A Short List of Colombian Paradoxes

the Colombian lies?

the Government lies?

  • More than six million Colombians are internally displaced but the country mobilizes when 10,000+ are forced to leave the neighboring country of Venezuela.
  • Colombia’s Attorney General Alejandro Ordóñez continues a campaign to dismiss Bogotá Mayor Gustavo Petro from this position despite only a few months remaining to his tenure.
  • People will pick up their dog excrement and bag it and leave it on the ground under 20 yards from the nearest bin.
  • Footballer Radamel Falcao has not been the same player since his injury whilst playing for Monaco but his dip in form is Louis Van Gaal’s fault. Two months from now it will be Jose Mourinho’s.
  • Real Estate Agents don’t work on weekends in Bogotá, when people have time to go and view apartments and houses, preferring to squeeze in multiple viewings between 6am and 8am before work and after 6pm on weekdays.
  • Despite suffering more than 50 years of a civil conflict, were it to come down to a popular national vote, the public would – very possibly – vote against a peace agreement with the FARC guerrillas.
  • Appearance is everything in Colombia, with men routinely getting manicures, but no one complains about the amount of trash spewed over the sidewalks once the recicladores have been through.
  • You can have 15 years of experience in the relevant field in Colombia but if you don’t have an MA you are not considered for the job.
  • The only way to become an “untouchable” in Colombia is to join the political class, which is, the least trusted and very possibly the most hated in the country.
  • Members of the Colombian diaspora become fervently Uribista once they have left Colombia, thanking the former president for increasing security on the country’s highways making it possible to drive cars on roads they will never again use.
  • Towns suffering from seasonal outbreaks of dengue in Colombia can only gain access to the necessary fumigation products from the central government after two cases of the illness have been officially reported and registered.

The celador and his guard dog #graffiti

A photo posted by Richard McColl (@rsnmccoll) on

And there you have it, a short list of Colombian paradoxes

Can you think of any more Colombian paradoxes? Write in and share them with us!

About Richard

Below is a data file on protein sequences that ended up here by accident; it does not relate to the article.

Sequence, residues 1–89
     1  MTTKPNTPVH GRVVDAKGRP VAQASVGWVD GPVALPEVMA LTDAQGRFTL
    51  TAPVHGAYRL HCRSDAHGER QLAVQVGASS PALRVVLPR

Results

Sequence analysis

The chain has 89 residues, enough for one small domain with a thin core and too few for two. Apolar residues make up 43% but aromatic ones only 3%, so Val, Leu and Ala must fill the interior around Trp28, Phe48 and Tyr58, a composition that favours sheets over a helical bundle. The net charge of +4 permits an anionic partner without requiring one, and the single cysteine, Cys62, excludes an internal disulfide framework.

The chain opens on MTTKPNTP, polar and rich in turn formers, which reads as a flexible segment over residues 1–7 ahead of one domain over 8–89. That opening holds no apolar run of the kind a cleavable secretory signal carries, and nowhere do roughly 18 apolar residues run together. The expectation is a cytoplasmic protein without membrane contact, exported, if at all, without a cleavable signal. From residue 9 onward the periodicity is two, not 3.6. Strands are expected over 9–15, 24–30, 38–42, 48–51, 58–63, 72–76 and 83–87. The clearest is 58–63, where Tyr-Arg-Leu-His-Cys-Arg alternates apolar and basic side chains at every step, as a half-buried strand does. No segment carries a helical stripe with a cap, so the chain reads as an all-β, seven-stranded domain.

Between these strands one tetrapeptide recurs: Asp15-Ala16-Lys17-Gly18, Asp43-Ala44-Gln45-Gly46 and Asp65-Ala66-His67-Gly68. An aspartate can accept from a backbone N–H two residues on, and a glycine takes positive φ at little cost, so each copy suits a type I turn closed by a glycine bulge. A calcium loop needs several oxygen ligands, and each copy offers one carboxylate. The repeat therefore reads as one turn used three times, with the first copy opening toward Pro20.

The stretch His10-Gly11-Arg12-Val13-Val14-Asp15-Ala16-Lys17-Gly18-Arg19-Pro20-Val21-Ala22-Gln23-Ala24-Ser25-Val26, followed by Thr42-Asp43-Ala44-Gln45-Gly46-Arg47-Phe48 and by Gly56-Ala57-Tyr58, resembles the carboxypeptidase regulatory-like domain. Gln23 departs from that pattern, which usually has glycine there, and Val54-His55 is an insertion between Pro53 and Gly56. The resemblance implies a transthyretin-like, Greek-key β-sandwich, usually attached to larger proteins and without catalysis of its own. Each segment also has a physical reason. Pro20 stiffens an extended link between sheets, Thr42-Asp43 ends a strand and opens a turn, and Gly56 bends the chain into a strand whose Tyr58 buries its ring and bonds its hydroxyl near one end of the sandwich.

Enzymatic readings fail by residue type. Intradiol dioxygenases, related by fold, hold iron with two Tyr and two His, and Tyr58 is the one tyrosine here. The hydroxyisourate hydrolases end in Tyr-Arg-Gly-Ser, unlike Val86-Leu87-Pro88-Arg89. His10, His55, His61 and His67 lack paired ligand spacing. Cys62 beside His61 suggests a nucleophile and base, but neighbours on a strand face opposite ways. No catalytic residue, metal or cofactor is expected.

Anglo-Canadian resident in Colombia. Journalist, Writer, Hotelier, Expedition Guide
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21 Responses to A Short List of Colombian Paradoxes

  1. Ivan says:

    – Puts trust in a security guard, who is usually poor, armed and has all the keys. Does not trust neighbours.

    – Complains about colonialism, even after more than 200 years. Trusts a foreigner much more than a local

    – Complains about other's shallowness. Puts another photo of breakfast on Instagram.

    – Wants the country to become rich. Does not want to spend any money because saves to spend it abroad.

    – Joins an MLM scheme. Considers him / herself a businessperson.

    – Thinks that all Europeans speak many languages, wear shorts and are blond and serious. Never been to Europe.

    • Richard says:

      Wow Ivan, some poignant ones there! Thank you.

    • Rich says:

      Yes, about that last one many years ago I was on a buseta and someone asked me, "qué tal India? Qué tal Egipto?" I told him I had no idea and that Colombia was really the only other country outside the US I had ever visited. This was strange and disconcerting to him, and I totally see his point.

  2. Kevin Howlett says:

    A truly bizarre place. Why speed along ignoring red lights and almost ploughing down pedestrians when "getting to the meeting on time" is never a thing? Wettest place on earth but there are villages without drinking water. One of the biggest oil produces in the world, one of the highest petrol/gas costs in the world. The list is, well…

  3. SJC says:

    Medellin being seen by itself and other cities as being "innovative" because of its Metro system- which was first installed over 100 years' previously in London.

    • Richard says:

      good one! And the award was an open online voting fiasco.

    • Andy says:

      Nope, incorrect statement Medellin didn't win that award because of the metro system.